Bookish Discussions

Susanna Clarke’s Jonathan Strange & Mr Norrell:

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Spoiler free | Rating: 3 out of 5 stars | Read: 31 May –  9 June, 2018

I’ve had Jonathan Strange & Mr Norrell sitting on my shelf for a few years now, and I kept putting it off due to its size. I used to be a timid reader, and 1,005 pages was too much for me. Now, for some reason, I don’t mind large novels anymore. I devour them, just like I did with this one. If you’re unfamiliar with the story, Jonathan Strange & Mr Norrell is set during the Napoleonic Wars, and details the rebirth of English magic. Strange and Norrell are said to be England’s greatest, and only ‘true’, magicians. The novel follows them on their adventure, investigating the nature of “Englishness”, the boundaries between reason and unreason, and Northern and Southern English cultural stereotypes.

For the most part, I did really enjoy this novel. I only had one real issue with it. For a novel that is already a thousand pages long, the surplus footnotes were a little unnecessary. I understand that they added greater context to the narrative, but it would have read the exact same without them. They didn’t add anything to the actual story, just background information. If they were important, then there wouldn’t have been footnotes at all. Eventually, I gave up reading them altogether. It started to feel like I was reading a history book. This was both a good and bad thing. I question if I had, would I have enjoyed the story more? I don’t know. I would have made the effort if the novel wasn’t already massive.

Despite this, there was a lot to like about this book. Firstly, the host of characters. The narrative didn’t just centre on Strange or Norrell, but also examined the role of women and servants. I really liked Childermass as he exceeded the boundaries of an ordinary 19th century servant. I also help but like Norrell’s character. He isn’t the nicest of the bunch, and is a little outdated in his views, but I see a lot of myself in him. Mostly with his reading habits. He is obsessed with books – he has an extensive collection, won’t let anyone near them, and would much rather be reading. Arabella was another well written character; she was strong-willed, patient, and understanding. I definitely think there is a character to suit everyone’s preferences.

As a lover of 19th century literature, I loved the pastiche of the century. Clarke mimicked a lot of writers, such as Charles Dickens and Jane Austen, which I thought added an extra layer to the novel. When researching this novel online, Clarke states that an Austenesque narrative can be found in the domestic scenes, whereas a Dickensian narrative can be found through the detail and descriptions. I didn’t notice it at first, but I couldn’t help but find it on every page after reading that. I thought this was definitely a defining quality of the novel – it made the story feel authentic. It really didn’t feel like a novel that was written in the early 2000s, but a novel was that written during the time it was set.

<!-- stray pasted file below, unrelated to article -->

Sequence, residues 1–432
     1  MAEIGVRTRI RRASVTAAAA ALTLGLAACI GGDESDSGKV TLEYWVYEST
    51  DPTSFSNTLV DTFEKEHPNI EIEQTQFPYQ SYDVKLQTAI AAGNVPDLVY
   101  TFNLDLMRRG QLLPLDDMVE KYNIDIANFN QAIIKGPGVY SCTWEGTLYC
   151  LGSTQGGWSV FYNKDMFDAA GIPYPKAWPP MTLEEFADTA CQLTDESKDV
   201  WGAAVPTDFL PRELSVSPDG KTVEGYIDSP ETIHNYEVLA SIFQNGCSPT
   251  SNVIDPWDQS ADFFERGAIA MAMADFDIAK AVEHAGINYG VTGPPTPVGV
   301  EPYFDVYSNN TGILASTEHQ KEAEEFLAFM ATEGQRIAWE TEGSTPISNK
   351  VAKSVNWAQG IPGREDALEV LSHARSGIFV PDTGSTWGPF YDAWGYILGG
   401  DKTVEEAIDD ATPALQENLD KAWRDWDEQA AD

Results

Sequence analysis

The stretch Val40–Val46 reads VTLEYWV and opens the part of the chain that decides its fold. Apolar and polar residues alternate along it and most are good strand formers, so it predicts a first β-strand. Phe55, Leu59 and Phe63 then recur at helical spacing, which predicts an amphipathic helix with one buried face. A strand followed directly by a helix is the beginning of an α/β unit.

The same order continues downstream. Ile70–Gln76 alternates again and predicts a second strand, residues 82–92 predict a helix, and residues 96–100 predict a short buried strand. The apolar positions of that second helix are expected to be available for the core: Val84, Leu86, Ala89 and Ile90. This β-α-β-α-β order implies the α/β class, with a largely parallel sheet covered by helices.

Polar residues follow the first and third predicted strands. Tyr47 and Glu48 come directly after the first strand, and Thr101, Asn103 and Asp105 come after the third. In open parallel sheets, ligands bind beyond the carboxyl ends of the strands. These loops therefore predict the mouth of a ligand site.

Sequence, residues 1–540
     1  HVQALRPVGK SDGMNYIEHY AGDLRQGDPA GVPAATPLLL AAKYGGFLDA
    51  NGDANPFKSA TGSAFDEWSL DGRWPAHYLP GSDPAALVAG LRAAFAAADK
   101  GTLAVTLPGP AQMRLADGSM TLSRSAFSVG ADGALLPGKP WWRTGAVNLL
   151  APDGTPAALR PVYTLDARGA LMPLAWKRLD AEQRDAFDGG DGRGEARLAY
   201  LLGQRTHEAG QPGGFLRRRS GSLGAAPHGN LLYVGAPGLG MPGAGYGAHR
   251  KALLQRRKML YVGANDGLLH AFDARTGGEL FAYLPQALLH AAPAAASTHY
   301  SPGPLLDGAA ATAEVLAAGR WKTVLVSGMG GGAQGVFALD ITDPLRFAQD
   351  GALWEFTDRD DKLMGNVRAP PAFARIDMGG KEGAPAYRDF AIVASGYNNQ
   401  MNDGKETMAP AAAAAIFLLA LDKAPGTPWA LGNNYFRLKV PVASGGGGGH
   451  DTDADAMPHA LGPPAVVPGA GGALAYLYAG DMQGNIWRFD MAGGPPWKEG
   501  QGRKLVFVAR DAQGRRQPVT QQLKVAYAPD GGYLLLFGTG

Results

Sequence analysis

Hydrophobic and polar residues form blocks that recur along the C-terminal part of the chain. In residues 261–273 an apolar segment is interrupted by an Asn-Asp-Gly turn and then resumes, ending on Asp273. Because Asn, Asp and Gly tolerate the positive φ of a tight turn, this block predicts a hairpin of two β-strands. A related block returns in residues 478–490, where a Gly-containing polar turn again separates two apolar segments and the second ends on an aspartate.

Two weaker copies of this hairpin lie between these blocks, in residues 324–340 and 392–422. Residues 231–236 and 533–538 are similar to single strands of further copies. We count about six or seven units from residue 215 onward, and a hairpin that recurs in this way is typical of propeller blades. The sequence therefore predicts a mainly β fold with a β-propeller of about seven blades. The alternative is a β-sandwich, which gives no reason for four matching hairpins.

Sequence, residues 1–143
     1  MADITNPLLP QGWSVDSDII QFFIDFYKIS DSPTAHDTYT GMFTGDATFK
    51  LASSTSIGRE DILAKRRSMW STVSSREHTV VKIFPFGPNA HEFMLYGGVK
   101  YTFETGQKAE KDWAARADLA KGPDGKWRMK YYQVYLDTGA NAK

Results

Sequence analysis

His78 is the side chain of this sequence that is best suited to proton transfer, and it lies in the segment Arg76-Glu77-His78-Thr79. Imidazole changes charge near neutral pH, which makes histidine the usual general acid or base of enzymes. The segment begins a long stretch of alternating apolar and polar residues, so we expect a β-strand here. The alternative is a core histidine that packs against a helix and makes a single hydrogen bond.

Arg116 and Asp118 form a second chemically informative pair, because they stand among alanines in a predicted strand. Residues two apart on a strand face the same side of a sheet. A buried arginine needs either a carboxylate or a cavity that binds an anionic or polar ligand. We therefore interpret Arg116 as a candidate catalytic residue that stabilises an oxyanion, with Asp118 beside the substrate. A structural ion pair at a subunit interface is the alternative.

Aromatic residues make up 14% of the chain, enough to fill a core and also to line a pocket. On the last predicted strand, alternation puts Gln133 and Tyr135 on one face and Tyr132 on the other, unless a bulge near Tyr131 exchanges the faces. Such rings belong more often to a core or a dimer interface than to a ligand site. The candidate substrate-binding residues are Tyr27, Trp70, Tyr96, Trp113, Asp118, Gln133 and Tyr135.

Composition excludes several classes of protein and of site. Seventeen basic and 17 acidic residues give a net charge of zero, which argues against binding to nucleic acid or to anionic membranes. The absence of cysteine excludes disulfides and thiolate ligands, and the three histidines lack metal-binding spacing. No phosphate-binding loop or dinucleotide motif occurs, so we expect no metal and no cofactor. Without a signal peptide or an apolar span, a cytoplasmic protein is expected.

Clarke explored a lot of themes in this novel, hence the size of it. My favourite was definitely the relationship between rationality and irrationality or, for a want of better phrasing, normality vs. madness. Although discussed in relation to a lot of characters, it was best highlighted through Lady Pole. Clarke abided by Gubar and Gilbert’s reading that a ‘madwoman’ is never in the public sphere, but is locked away somewhere. Lady Pole was taken away to Lost-Hope every night, a place where she was amongst fairies and other beings. She was murderous and vengeful in this place, but was totally ‘normal’ in reality. Clarke definitely played with 19th century tropes, and the length of the novel really allowed you to unpick them in full detail.


Overall, I really enjoyed Jonathan Strange & Mr Norrell. It could have been shortened to allow a better narrative flow, but I can see why Clarke went down this route. I know that she is currently working on a sequel novel that I’m dying to read, and she has a collection of short stories, The Ladies of Grace Adieu and Other Stories, that is connected to the world of this novel. I would definitely recommend it if it sounds like something you’d enjoy!

Have you read this novel? What did you think of it? If not, is it something you’d read?

Thanks for reading, Lauren X

3 thoughts on “Susanna Clarke’s Jonathan Strange & Mr Norrell:

  1. I started this 3 years ago when the TV adaptation was airing and still haven’t finished it. I’m glad I’m not the only one driven insane by the footnotes. They’re quite probably the reason I’m still on page 313. I promised myself I’d finish it this year but we’ll see.

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